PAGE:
AUGUSTA — In the early morning hours of Jan. 3, 2011, Scott Penney covered his recliner in plastic and carefully leaned plywood against the backrest.

He walked around his State Street apartment, pulling the window shades closed. He felt his way across the dark room and nestled into the recliner. There, on a coffee table in front of him, Penney left a note to his family that he hoped would explain his decision, even as it begged for their forgiveness.

Penney covered his head with a tarp, grabbed a rusty shotgun, and put the barrel under his chin. He pulled the trigger.

“He didn’t want to make a mess for the landlord,” his mother, Linda Penney, said. “He planned it right to the letter.”

Scott Penney, 45, was a trusted employee, a loyal friend, a beloved son and a proud father.

But he also was a convicted child molester.

It was this sordid past that darkened Penney’s life. Everyone knew, or could easily find out, the worst thing Penney had ever done. It became who he was: Scott Penney, sexual offender.

“I will never have my life back,” Penney wrote in his final letter. “I can’t deal with all this around me and what has happened.”

Linda Penney has her reasons for telling her son’s story, but gaining sympathy isn’t one of them. She doesn’t offer excuses for the crimes her son committed and is not mad at the judicial system for punishing her son.

But Linda Penney hopes others will see her son as she did. She hopes others will understand the crushing social stigma he experienced as a convicted sex offender. Linda Penney also hopes that experience is understood by a probation officer assigned to supervise her son whom she believes mishandled the case and contributed to her son’s decision to end his life.

“I want people out there aware that not every child molester is a bad person,” she said.

Sexual offenses

Scott Penney was convicted in December 2002 of seven charges, including three counts of sexual assault and four of unlawful sexual contact, all involving the same victim and occurring in Winthrop between Nov. 11, 1997, and Dec. 31, 2001.

The victim — a daughter of Penney’s then-girlfriend — was between the ages of 10 and 14 at the time. Penney’s only previous conviction was in March 2002 when he was sentenced to 45 days in jail for assault and violating conditions of release.

Penney was sentenced in October 2003 to 15 years in prison, with all but seven years suspended, and six years of probation. He was also banned from contact with the victim and her family and unsupervised contact with any girl under age 18. Penney was required to register with the state as a sex offender for the rest of his life once he was released from prison.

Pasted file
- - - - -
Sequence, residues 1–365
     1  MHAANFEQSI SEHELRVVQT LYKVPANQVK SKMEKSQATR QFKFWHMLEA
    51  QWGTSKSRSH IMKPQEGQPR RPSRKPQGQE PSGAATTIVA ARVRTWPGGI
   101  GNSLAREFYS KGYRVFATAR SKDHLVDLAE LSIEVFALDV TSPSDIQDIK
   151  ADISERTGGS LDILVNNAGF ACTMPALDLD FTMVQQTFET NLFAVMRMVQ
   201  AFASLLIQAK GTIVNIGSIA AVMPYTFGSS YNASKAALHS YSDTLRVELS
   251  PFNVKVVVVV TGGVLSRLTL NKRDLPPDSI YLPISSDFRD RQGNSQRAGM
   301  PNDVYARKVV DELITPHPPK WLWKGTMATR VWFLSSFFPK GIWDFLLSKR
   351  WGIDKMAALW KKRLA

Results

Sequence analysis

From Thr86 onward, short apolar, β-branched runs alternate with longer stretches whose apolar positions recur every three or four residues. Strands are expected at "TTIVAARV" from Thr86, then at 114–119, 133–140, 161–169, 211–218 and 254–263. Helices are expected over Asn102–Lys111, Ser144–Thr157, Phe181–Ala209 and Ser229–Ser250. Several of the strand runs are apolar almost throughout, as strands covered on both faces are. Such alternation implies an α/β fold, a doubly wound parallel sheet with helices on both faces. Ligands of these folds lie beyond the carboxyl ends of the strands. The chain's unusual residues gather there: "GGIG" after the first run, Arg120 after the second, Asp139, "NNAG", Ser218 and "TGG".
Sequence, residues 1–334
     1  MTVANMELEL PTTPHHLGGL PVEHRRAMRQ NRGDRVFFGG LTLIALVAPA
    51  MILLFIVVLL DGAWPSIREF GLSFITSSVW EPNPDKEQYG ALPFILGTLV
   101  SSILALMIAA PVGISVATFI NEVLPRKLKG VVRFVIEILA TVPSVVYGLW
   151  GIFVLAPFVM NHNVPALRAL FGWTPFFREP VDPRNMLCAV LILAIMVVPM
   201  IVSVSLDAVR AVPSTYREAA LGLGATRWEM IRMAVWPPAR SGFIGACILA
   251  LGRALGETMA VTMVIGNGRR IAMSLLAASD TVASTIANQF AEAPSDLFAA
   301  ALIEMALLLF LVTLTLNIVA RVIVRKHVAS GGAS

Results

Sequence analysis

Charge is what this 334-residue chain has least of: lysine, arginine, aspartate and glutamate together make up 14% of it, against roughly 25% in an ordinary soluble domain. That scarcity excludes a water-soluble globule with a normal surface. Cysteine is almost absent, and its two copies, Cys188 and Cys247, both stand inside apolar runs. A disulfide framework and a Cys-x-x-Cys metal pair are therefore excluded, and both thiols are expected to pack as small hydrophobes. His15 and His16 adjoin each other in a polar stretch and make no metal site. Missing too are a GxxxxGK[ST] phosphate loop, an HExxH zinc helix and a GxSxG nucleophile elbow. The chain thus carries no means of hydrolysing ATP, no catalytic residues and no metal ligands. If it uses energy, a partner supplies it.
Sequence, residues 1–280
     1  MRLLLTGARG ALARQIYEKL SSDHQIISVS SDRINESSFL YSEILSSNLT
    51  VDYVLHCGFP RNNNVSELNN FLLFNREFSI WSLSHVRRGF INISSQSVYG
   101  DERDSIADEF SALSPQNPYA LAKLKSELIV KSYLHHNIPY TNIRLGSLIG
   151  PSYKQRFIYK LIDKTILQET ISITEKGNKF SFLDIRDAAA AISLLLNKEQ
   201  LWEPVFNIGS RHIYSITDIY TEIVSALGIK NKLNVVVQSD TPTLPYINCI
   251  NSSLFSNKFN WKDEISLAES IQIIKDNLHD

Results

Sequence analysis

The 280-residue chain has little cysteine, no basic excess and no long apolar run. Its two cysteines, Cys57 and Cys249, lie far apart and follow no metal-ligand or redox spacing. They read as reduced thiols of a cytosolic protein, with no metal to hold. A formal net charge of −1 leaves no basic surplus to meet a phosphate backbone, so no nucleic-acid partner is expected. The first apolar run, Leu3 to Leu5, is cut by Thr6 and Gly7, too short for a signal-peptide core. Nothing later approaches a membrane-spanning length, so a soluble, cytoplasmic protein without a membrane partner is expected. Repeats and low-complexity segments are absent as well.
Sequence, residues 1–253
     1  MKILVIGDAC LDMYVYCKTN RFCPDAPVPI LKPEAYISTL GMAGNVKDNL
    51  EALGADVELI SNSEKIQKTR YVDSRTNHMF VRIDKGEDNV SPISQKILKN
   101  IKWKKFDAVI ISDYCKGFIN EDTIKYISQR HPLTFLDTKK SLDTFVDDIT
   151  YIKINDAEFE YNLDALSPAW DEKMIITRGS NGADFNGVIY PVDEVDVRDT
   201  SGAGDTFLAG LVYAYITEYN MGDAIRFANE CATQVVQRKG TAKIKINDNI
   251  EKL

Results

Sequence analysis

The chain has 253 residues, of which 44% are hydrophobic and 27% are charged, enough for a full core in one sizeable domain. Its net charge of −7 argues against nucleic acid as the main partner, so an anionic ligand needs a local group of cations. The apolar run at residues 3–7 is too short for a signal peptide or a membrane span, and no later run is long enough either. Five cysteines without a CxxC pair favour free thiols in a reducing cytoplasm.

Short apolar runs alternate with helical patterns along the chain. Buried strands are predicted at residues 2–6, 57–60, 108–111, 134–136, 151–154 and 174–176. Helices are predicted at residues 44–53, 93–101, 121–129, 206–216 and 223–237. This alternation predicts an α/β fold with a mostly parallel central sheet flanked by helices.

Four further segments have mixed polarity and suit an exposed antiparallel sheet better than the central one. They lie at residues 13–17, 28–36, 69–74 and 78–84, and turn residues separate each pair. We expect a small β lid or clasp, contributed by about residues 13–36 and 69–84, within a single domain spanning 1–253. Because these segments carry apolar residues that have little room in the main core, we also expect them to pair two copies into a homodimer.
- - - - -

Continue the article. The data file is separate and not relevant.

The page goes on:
“I do show remorse for what they lost and what I’ve lost,” he said at his sentencing.

Prison proved difficult for a man who spent his first 35 years as a law-abiding citizen. Scott Penney told his family not to call because it worsened his treatment, his mother said. That is why Linda Penney waited so long to respond after receiving a disturbing phone call one night.

“All I heard was, ‘Ma!,'” she said. “Then, no one was there.”

A short time later she received a disturbing letter from her son.

“By now you know what I have done,” Linda Penney said, recalling the letter. “I thought he had killed himself,” she added.

She waited, unwilling to call her son and jeopardize him, until she could stand it no more. When she finally called, she couldn’t talk to her son and no one at the prison would explain why.

When she finally saw her son, his wrists were bandaged. He was standing behind protective glass, his ankles and hands were handcuffed and there were three guards nearby. She spoke to him briefly on the phone.

“He wanted to end his life,” Linda Penney recalled. “All he did was hurt himself.”

Scott Penney recovered and was put in solitary confinement for 30 days, during which time other inmates stole his belongings, Linda Penney said. Her son kept quiet about the theft and other mistreatment he endured.

“I guess you learn not to say anything,” Linda Penney said. “He lived in fear that if anyone says anything, you’re going to get in trouble.”

Released on probation

Scott Penney walked out of the Maine State Prison in June of 2008 and began six years of probation.

Penney’s conditions of release included the usual prohibitions against using drugs, alcohol and firearms, but Penney was still specifically prohibited from contact with the victim or her family and any unsupervised contact with any girl under age 18. Penney’s probation officer had to approve anyone who wanted to supervise such a visit.